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OTJ Primer

Revision as of 04:20, 3 June 2011 by Stephan.cs.tu-berlin.de (Talk | contribs)

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Idea.png
Is this the right level for me?

This page with its sub-pages tries to cover the middle ground, addressing readers who do want to learn the essential concepts of Object Teams without the burden of a detailed scientific discussion.

Throughout this text references into the OT/J Language Definition are given like this (see OTJLD §0), where the interested reader will find the detailed definitions.


The programming language OT/J introduces two new kinds of classes

  • Team obj.gif Teams
  • Role obj.png Roles

However, it is much more interesting to look at what happens between these things.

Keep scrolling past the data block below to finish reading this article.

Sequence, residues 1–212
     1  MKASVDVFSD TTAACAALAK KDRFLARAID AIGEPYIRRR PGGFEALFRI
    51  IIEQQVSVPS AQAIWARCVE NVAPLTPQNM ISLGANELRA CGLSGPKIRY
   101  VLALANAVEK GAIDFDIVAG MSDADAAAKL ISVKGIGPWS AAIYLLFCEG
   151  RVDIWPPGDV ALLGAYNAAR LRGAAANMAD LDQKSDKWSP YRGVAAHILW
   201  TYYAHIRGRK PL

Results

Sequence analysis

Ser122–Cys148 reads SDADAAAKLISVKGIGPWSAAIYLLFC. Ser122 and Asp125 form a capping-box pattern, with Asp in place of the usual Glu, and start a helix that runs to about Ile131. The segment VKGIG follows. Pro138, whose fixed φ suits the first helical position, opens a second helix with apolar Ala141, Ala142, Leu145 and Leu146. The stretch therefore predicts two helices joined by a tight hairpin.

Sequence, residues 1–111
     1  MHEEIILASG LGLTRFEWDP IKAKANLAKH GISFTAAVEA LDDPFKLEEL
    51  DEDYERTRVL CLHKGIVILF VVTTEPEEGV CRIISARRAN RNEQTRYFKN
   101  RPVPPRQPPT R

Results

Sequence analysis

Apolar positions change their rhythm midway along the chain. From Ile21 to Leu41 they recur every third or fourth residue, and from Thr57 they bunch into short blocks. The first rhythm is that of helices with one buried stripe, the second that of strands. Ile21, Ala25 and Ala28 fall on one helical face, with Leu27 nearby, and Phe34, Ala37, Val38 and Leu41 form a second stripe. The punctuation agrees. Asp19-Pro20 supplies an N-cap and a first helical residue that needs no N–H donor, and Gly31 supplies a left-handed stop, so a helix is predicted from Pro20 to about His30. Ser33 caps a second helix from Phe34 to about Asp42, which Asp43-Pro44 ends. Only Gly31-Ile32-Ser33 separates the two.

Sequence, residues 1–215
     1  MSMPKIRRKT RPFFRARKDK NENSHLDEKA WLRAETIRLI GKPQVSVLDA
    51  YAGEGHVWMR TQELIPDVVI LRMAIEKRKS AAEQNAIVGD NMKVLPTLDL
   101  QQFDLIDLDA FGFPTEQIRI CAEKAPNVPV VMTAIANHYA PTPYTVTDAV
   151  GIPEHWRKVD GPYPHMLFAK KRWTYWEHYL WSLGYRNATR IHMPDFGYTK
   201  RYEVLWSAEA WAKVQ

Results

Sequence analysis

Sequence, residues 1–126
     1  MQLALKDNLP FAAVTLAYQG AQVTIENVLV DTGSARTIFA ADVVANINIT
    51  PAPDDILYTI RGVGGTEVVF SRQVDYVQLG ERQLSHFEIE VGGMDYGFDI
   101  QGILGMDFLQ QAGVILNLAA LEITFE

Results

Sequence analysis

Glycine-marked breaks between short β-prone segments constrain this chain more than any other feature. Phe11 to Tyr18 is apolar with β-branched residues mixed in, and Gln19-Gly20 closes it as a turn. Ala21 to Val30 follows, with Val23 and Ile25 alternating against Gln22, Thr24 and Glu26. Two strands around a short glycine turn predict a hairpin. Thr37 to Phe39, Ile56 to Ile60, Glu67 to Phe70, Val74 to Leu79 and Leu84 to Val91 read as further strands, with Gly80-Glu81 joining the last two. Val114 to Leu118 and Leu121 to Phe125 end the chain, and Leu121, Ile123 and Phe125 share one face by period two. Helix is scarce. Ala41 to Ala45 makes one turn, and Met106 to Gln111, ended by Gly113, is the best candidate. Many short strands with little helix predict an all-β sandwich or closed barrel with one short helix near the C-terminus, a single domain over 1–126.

Here, OT/J introduces the following major relations:


Role Playing

RolePlaying.png

Role classes/objects are playedBy base classes/objects. The communication between the two part objects is defined using

  • callout method bindings for forwarding role-to-base
  • callin method bindings for intercepting method calls base-to-role

Details on Role Playing ...


Role Containment

RoleContainment.png

Role classes/objects are contained in a team instance.

  • Roles preferably communicate with other roles.
  • Roles can be confined to their enclosing team to protect them against external access
  • Data-flows between a team and its outside apply translation polymorphism to translate between roles and bases:
    • sending a role object to the outside applies lowering (role-to-base translation)
    • sending a base object into a team applies lifting (base-to-role translation)
  • Team activation controls the enablement of callin bindings

Details on Role Containment ...


Team Inheritances

TeamInheritance.png

  • A team class can be sub-classed including all its contained roles (similar to Java classes with inner classes)
  • A sub-team can override any of its inherited roles (different from Java inner classes).
  • An overriding role implicitly inherits from its overridden version.

Details on Team Inheritances ...